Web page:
• biomolecular condensates

Published Papers (2 papers)

Order results
Result details
Select all
Export citation of selected articles as:

Research

14 pages, 6180 KiB  
Article
Plastid Molecular Chaperone HSP90C Interacts with the SecA1 Subunit of Sec Translocase for Thylakoid Protein Transport
by Adheip Monikantan Nair, Tim Jiang, Bona Mu and Rongmin Zhao
Plants 2024, 13(9), 1265; https://doi.org/10.3390/plants13091265 - 1 May 2024
Viewed by 686
Abstract
The plastid stroma-localized chaperone HSP90C plays a crucial role in maintaining optimal proteostasis within chloroplasts and participates in protein translocation processes. While existing studies have revealed HSP90C’s direct interaction with the Sec translocase-dependent client pre-protein PsbO1 and the SecY1 subunit of the thylakoid [...] Read more.
The plastid stroma-localized chaperone HSP90C plays a crucial role in maintaining optimal proteostasis within chloroplasts and participates in protein translocation processes. While existing studies have revealed HSP90C’s direct interaction with the Sec translocase-dependent client pre-protein PsbO1 and the SecY1 subunit of the thylakoid membrane-bound Sec1 translocase channel system, its direct involvement with the extrinsic homodimeric Sec translocase subunit, SecA1, remains elusive. Employing bimolecular fluorescence complementation (BiFC) assay and other in vitro analyses, we unraveled potential interactions between HSP90C and SecA1. Our investigation revealed dynamic interactions between HSP90C and SecA1 at the thylakoid membrane and stroma. The thylakoid membrane localization of this interaction was contingent upon active HSP90C ATPase activity, whereas their stromal interaction was associated with active SecA1 ATPase activity. Furthermore, we observed a direct interaction between these two proteins by analyzing their ATP hydrolysis activities, and their interaction likely impacts their respective functional cycles. Additionally, using PsbO1, a model Sec translocase client pre-protein, we studied the intricacies of HSP90C’s possible involvement in pre-protein translocation via the Sec1 system in chloroplasts. The results suggest a complex nature of the HSP90C-SecA1 interaction, possibly mediated by the Sec client protein. Our studies shed light on the nuanced aspects of HSP90C’s engagement in orchestrating pre-protein translocation, and we propose a potential collaborative role of HSP90C with SecA1 in actively facilitating pre-protein transport across the thylakoid membrane. Full article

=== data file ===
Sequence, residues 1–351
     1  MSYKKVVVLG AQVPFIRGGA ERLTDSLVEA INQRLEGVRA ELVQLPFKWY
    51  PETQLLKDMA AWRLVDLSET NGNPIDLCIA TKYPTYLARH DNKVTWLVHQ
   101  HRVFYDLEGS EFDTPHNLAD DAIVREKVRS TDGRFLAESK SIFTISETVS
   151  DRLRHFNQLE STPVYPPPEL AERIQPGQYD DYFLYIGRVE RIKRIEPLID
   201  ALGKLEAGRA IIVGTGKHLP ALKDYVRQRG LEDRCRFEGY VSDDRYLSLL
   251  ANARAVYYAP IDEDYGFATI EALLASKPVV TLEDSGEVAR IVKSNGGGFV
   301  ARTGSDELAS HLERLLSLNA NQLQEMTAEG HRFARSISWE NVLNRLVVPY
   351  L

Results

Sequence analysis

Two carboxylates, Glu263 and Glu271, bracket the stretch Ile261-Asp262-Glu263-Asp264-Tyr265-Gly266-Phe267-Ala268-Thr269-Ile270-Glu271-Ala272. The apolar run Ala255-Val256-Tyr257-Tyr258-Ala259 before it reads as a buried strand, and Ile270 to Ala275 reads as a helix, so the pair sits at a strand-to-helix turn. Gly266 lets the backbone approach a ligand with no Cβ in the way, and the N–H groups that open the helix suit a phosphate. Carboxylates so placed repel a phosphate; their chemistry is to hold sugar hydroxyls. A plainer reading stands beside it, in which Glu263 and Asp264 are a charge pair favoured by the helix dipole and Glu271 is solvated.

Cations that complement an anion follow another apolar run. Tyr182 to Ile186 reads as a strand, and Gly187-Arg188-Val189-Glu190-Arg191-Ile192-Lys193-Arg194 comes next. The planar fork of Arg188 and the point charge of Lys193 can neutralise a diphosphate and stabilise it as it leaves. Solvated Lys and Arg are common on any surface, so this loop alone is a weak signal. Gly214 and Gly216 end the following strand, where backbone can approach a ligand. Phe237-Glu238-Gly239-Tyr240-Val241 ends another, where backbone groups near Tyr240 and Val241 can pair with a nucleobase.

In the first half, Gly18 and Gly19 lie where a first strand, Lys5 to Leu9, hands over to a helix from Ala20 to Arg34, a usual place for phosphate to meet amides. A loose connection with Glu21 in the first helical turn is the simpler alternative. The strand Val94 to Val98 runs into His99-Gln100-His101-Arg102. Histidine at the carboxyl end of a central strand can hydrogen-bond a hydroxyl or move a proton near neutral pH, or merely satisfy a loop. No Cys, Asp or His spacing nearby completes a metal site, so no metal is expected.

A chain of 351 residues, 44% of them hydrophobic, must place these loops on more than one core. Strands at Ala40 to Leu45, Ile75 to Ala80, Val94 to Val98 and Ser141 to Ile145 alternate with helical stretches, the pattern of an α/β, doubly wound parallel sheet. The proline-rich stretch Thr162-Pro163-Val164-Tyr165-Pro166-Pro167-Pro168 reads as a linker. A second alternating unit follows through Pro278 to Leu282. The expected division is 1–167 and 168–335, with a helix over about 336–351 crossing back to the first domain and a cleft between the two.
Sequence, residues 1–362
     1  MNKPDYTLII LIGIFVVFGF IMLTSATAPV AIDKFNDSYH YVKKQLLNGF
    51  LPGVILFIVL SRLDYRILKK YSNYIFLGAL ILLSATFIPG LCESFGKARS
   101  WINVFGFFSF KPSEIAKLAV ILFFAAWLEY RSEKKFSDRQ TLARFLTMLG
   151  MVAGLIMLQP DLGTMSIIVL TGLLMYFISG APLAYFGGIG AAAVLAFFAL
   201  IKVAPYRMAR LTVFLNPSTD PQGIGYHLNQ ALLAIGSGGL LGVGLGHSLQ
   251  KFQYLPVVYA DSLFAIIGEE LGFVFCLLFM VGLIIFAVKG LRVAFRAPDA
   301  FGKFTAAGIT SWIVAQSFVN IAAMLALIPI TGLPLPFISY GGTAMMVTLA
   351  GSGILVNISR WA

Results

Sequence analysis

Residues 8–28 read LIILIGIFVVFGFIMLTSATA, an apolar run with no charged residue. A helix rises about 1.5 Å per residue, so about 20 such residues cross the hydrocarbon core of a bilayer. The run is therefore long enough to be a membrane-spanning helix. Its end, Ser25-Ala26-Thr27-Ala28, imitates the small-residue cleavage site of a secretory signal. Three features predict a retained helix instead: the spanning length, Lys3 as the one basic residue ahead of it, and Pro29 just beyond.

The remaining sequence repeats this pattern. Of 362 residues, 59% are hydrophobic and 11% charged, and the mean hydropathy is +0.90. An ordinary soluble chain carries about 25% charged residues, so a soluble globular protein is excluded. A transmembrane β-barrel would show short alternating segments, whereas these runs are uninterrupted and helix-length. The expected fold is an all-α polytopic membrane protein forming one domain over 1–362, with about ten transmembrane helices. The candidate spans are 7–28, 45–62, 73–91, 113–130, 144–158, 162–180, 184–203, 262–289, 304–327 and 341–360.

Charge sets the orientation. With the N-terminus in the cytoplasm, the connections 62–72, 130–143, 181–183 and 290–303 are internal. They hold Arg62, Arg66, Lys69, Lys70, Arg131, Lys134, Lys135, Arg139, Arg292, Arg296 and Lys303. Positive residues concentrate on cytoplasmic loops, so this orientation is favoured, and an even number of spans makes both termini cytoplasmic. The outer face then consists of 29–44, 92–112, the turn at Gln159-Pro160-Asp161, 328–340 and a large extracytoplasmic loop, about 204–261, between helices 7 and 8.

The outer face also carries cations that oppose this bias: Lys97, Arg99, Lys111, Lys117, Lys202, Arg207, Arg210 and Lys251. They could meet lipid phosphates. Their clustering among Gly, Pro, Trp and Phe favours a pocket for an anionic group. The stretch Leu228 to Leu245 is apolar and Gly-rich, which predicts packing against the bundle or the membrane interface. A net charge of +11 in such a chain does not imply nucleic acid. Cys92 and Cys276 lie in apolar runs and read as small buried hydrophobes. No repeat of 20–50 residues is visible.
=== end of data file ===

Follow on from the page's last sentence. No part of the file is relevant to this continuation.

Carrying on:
(This article belongs to the Special Issue Plant Protein Biochemistry and Biomolecular Interactions)
Show Figures

Figure 1

19 pages, 3499 KiB  
Article
Interaction of Soybean (Glycine max (L.) Merr.) Class II ACBPs with MPK2 and SAPK2 Kinases: New Insights into the Regulatory Mechanisms of Plant ACBPs
by Atieh Moradi, Shiu-Cheung Lung and Mee-Len Chye
Plants 2024, 13(8), 1146; https://doi.org/10.3390/plants13081146 - 19 Apr 2024
Viewed by 543
Abstract
Plant acyl-CoA-binding proteins (ACBPs) function in plant development and stress responses, with some ACBPs interacting with protein partners. This study tested the interaction between two Class II GmACBPs (Glycine max ACBPs) and seven kinases, using yeast two-hybrid (Y2H) assays and bimolecular fluorescence [...] Read more.
Plant acyl-CoA-binding proteins (ACBPs) function in plant development and stress responses, with some ACBPs interacting with protein partners. This study tested the interaction between two Class II GmACBPs (Glycine max ACBPs) and seven kinases, using yeast two-hybrid (Y2H) assays and bimolecular fluorescence complementation (BiFC). The results revealed that both GmACBP3.1 and GmACBP4.1 interact with two soybean kinases, a mitogen-activated protein kinase MPK2, and a serine/threonine-protein kinase SAPK2, highlighting the significance of the ankyrin-repeat (ANK) domain in facilitating protein–protein interactions. Moreover, an in vitro kinase assay and subsequent Phos-tag SDS-PAGE determined that GmMPK2 and GmSAPK2 possess the ability to phosphorylate Class II GmACBPs. Additionally, the kinase-specific phosphosites for Class II GmACBPs were predicted using databases. The HDOCK server was also utilized to predict the binding models of Class II GmACBPs with these two kinases, and the results indicated that the affected residues were located in the ANK region of Class II GmACBPs in both docking models, aligning with the findings of the Y2H and BiFC experiments. This is the first report describing the interaction between Class II GmACBPs and kinases, suggesting that Class II GmACBPs have potential as phospho-proteins that impact signaling pathways. Full article
(This article belongs to the Special Issue Plant Protein Biochemistry and Biomolecular Interactions)
Show Figures

Figure 1

Back to TopTop